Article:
Saturday, April 11, 2009
...Tweenbots are human-dependent robots that navigate the city with the help of pedestrians they encounter. Rolling at a constant speed, in a straight line, Tweenbots have a destination displayed on a flag, and rely on people they meet to read this flag and to aim them in the right direction to reach their goal.
Given their extreme vulnerability, the vastness of city space, the dangers posed by traffic, suspicion of terrorism, and the possibility that no one would be interested in helping a lost little robot, I initially conceived the Tweenbots as disposable creatures which were more likely to struggle and die in the city than to reach their destination.
...The results were unexpected. Over the course of the following months, throughout numerous missions, the Tweenbots were successful in rolling from their start point to their far-away destination assisted only by strangers. Every time the robot got caught under a park bench, ground futilely against a curb, or became trapped in a pothole, some passerby would always rescue it and send it toward its goal. Never once was a Tweenbot lost or damaged.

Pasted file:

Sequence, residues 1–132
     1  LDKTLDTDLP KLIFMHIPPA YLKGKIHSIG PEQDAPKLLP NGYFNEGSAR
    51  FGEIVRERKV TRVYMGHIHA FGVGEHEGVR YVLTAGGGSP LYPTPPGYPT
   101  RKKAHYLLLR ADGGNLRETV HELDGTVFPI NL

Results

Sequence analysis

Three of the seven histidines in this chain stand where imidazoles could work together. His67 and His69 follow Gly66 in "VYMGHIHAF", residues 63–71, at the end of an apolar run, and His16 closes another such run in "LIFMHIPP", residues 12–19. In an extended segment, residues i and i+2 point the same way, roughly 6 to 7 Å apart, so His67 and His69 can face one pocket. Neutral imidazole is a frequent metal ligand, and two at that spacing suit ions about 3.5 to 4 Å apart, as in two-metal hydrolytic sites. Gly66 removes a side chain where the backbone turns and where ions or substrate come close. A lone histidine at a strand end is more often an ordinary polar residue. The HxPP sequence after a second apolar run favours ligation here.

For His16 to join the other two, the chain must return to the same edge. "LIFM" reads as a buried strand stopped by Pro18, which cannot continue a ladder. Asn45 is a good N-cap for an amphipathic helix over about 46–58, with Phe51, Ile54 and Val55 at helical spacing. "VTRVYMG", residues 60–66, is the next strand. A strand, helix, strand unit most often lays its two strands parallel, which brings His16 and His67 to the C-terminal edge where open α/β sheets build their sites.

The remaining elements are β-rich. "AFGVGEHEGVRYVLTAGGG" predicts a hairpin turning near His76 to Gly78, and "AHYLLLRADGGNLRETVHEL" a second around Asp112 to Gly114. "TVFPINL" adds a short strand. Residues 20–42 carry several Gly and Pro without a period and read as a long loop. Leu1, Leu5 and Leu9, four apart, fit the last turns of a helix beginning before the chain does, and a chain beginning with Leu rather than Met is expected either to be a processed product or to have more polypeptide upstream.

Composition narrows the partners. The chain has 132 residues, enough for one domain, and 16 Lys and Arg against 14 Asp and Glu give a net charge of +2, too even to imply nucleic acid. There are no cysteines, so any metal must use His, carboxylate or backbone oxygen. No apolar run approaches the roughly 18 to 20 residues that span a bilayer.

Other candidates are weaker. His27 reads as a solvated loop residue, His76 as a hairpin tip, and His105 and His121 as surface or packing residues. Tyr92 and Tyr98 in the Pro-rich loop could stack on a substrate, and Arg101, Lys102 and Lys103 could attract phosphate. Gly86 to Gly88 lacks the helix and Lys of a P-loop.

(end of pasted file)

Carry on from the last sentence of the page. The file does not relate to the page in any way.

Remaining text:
...The Tweenbot's unexpected presence in the city created an unfolding narrative that spoke not simply to the vastness of city space and to the journey of a human-assisted robot, but also to the power of a simple technological object to create a complex network powered by human intelligence and asynchronous interactions.
Tuesday, April 07, 2009
WiiSpray Teaser from Martin Lihs on Vimeo.
The foundational basis for the project goes well beyond replacing real graffiti as an art form. Moreover, WiiSprayWiiSpray
is to be seen as an interface to give graffiti a new virtual level surpassing tactile boundaries of the tangible world.
Thursday, April 02, 2009
I'm typing this in Suggest-o-matic (SOM), the very simplified culmination of many years of thinking about content management, or what I refer to as "creative management", that is, how we store and reference all the content we create over the course of a life.
Right now, SOM is mostly like an automated reference librarian, who looks over your shoulder as you're writing your paper and suggests things out on the interwebs that might have to do with what you're writing about.
- create multiple links for any given query (right now it can only automatically create one link based on what you've clipped from your query)
- improving on the UI
- ability to favor any number of site searches (I'm most interested in searching my old content for articles, images, etc. that I might have already created on the subjects)
- an automatic post-to-my-blog-or-whatever dealio
- a run-on-any-page, white box + selected text Suggest-o-matic
- serious natural language chops, so that special syntax is no longer needed to fire off a suggestion
- serious AI on results, so that SOM can sort and manage the relative links automatically for you